Volexity researchers who first discovered flaws affecting widely used Ivanti VPN devices now say the vulnerabilities are seeing widespread exploitation by multiple threat actors.
In its own update, Ivanti said its findings about attacks against Connect Secure VPN customers are consistent with those of researchers at Volexity.
“We strongly advise all customers to apply the mitigation immediately,” Ivanti said in a statement provided to CRN Tuesday.
The vulnerabilities can be used to enable unauthenticated remote execution of code on affected Connect Secure VPN devices, according to Volexity researchers, who uncovered the flaws in December.
In a new post Monday, Volexity’s research team said it has found evidence suggesting more than 1,700 Ivanti Connect Secure VPN devices have been compromised so far.
The “evidence of mass exploitation” shows that victims are “globally distributed and vary greatly in size,” the researchers wrote.
Victims range “from small businesses to some of the largest organizations in the world, including multiple Fortune 500 companies across multiple industry verticals,” Volexity’s research team wrote in the post.
That’s a substantial increase from Ivanti’s most recent findings, disclosed late last week, of “less than 20” impacted customers.
The attacks are coming from a nation-state threat actor Volexity tracks as UTA0178—which is believed to be working on behalf of China’s government—as well as other threat actors, the researchers said.
“Additional attackers beyond UTA0178 appear to have access to the exploit,” Volexity researchers wrote in the post.
In the latest Ivanti post, the company said it has “confirmed additional customers who were exploited” following its initial advisory last week.
“Based on our ongoing collaboration, we believe this is consistent with Veloxity’s newly released observations,” Ivanti wrote in the post, linking to the Veloxity post from Monday.
Ivanti, a provider of IT and security software, acquired the technology behind its Connect Secure VPN with the acquisition of Pulse Secure in 2020.
Ivanti said in a statement Tuesday that since its initial advisory, “we have seen a sharp increase in threat actor activity and security researcher scans.”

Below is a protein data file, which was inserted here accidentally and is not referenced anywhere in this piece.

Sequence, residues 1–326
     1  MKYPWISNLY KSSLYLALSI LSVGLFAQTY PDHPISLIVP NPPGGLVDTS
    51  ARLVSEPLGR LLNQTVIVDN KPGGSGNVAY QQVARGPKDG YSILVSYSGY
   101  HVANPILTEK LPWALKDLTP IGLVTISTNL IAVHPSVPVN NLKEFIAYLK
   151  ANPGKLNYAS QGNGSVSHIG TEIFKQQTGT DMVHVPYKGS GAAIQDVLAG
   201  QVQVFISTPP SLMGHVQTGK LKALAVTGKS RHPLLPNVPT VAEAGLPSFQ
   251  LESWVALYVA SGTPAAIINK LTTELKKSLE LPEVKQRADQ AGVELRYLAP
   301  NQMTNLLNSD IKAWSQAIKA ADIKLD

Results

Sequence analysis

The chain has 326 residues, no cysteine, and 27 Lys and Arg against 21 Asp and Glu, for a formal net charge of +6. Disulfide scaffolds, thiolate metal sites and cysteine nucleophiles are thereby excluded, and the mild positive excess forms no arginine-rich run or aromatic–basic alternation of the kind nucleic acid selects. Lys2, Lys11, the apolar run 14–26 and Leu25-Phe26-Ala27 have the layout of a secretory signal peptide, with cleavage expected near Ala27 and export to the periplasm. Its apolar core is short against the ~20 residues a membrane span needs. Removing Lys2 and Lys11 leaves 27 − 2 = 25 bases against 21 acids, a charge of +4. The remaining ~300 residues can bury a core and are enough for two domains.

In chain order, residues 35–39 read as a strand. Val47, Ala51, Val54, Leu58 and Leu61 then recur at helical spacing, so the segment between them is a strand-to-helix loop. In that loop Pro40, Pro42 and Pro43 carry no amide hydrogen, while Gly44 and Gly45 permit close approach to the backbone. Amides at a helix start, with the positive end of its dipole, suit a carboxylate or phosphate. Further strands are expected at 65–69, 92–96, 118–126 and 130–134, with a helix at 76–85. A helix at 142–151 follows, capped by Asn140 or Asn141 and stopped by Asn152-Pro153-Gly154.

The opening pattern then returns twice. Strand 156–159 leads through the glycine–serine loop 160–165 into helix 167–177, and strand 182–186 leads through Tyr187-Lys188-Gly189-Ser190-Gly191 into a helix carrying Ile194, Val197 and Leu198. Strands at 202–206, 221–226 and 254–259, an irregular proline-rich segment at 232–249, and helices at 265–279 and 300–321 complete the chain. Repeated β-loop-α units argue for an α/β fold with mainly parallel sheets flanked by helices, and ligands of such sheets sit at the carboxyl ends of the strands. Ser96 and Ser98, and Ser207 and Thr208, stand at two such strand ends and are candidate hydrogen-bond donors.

“We are confident that the mitigation blocks access to vulnerable endpoints and that both the internal and external Integrity Checker Tool will identify mismatched files,” the company said in the statement provided to CRN.
Ivanti has said the first patches won’t be available until the week of Jan. 22. Patches will be released on a staggered schedule running through mid-February, the company said.
The authentication bypass vulnerability (tracked at CVE-2023-46805) has been awarded a severity score of 8.2 out of 10.0, while the command injection vulnerability (CVE-2024-21887) has been awarded a severity score of 9.1 out of 10.0.
The vulnerabilities can be used together by threat actors to target customers of its Connect Secure VPN, Ivanti has said. When used in this way, “exploitation does not require authentication and enables a threat actor to craft malicious requests and execute arbitrary commands on the system,” the company said.
The vulnerabilities “impact all supported versions” of Connect Secure, Ivanti said. The flaws also impact Ivanti’s Policy Secure gateway, the company said.
Researchers at Google Cloud-owned Mandiant reported last week that exploitation of the Ivanti VPN vulnerabilities began in December, confirming earlier findings on the timing of the attacks by Volexity researchers.
Mandiant researchers have “identified zero-day exploitation of these vulnerabilities in the wild beginning as early as December 2023 by a suspected espionage threat actor,” they wrote.